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New channels of corruption opened by note ban: Economist

Prime Minister Narendra Modi On November 8 Scrapped High Value Notes Of Rs 500 And Rs 1,000, Pulling Out 86 Per Cent Of The Total Currency In Circulation.

PTI | Updated on: 19 Mar 2017, 03:10:53 PM
Note ban - Representative image (File photo)

New Delhi:

Renowned Austrian economist Heinz D Kurz described demonetisation as an attempt 'akin to striking a rock with an egg'. Further, he said it is 'much too weak and misdirected an instrument' to eliminate corruption.

He also said that the Indian government's move opened up new avenues of corruption.

"As far as I understand the situation, the policy of demonetisation has already been abandoned by the government, because it turned out to be an attempt akin to striking a rock with an egg.

"I strongly doubt that the demonetisation exercise will root out corruption and engender more transparency. It is much too weak and misdirected an instrument to achieve these goals," Kurz told PTI in an interview.

"By introducing the Rs 2,000 banknote, a currency of twice or even four times the value of the banknotes that have been declared illegal, in the system... This can hardly be called demonetisation," he added.

Kurz is a professor of economics at the University of Graz, Austria. Noting that while the goal of fighting corruption is laudable, he said: "I consider it to be singularly naive to think that this can be done by banning some banknotes.

"There appears also to be evidence that the policy of demonetisation opened new channels of corruption." Kurz pointed out that whoever was informed about the demonetisation policy ahead of its introduction (sort of insider trading) could have used the information and laundered money. Also, he further said Rs 500 and Rs 1,000 bank notes brought to banks were apparently counted, but not scrutinised as to whether it was 'counterfeit money'.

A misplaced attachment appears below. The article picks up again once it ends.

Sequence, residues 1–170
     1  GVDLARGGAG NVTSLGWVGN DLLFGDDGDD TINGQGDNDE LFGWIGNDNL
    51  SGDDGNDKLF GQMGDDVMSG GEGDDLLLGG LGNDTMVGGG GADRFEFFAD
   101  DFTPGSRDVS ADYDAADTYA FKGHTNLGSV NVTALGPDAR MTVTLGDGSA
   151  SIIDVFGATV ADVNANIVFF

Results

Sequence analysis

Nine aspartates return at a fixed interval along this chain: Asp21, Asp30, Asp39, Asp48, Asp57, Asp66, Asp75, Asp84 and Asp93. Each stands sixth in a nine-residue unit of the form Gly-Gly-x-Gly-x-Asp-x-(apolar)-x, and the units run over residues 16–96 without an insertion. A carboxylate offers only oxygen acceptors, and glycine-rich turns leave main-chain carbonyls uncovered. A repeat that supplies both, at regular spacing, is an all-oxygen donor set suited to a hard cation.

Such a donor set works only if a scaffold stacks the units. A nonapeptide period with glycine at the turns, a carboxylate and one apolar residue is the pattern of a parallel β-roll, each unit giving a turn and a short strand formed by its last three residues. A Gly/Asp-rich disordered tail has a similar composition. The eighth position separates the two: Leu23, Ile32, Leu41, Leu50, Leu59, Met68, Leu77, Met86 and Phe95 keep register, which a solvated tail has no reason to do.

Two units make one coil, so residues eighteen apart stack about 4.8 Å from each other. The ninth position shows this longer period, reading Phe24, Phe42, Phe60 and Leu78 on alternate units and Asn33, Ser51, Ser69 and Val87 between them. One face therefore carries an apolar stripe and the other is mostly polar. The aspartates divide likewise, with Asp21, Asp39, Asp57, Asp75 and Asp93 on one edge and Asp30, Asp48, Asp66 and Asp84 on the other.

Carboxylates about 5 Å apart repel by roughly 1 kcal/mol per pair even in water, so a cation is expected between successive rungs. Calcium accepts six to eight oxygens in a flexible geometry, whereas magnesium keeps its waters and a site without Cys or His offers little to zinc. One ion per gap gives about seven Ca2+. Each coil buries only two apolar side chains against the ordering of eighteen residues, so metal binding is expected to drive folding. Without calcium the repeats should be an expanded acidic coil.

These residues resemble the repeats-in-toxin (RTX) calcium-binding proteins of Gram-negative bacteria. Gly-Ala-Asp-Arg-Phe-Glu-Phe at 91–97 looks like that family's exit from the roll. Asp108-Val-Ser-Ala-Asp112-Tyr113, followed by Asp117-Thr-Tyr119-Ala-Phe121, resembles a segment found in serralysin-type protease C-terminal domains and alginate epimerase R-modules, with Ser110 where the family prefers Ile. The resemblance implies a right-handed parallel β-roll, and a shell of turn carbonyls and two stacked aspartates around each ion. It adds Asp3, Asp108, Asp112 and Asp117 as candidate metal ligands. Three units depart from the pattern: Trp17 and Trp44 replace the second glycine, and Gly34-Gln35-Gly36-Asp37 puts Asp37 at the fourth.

Asked about impact of demonetisation on India's economic growth, Kurz said that "first, it is much too early to assess already the impact of demonetisation, which will show up only later. Secondly, the data published are rough estimates that do not, and could not possibly, take account of this impact".

"It would, therefore, be wrong to infer that demonetisation had no effect on the economy," he noted. The Indian economy is going pretty strong, Kurtz said, the demonetisation adding however that not well thought out the demonetisation project have the potential of affecting it badly.

He said rising social tensions between different strata of society and different religious beliefs, environmental degradation and pollution, unequal access to information, knowledge and learning, and a highly uneven distribution ofincome and wealth are the main problems India is facing, whichall affect economic performance of the country.

"Policies that improve the situation in these regards deem to me to be favourable for a more prosperous and just society," he said. Prime Minister Narendra Modi on November 8 scrapped high-value notes of Rs 500 and Rs 1,000, pulling out 86 per cent of the total currency in circulation. 

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First Published : 19 Mar 2017, 03:00:00 PM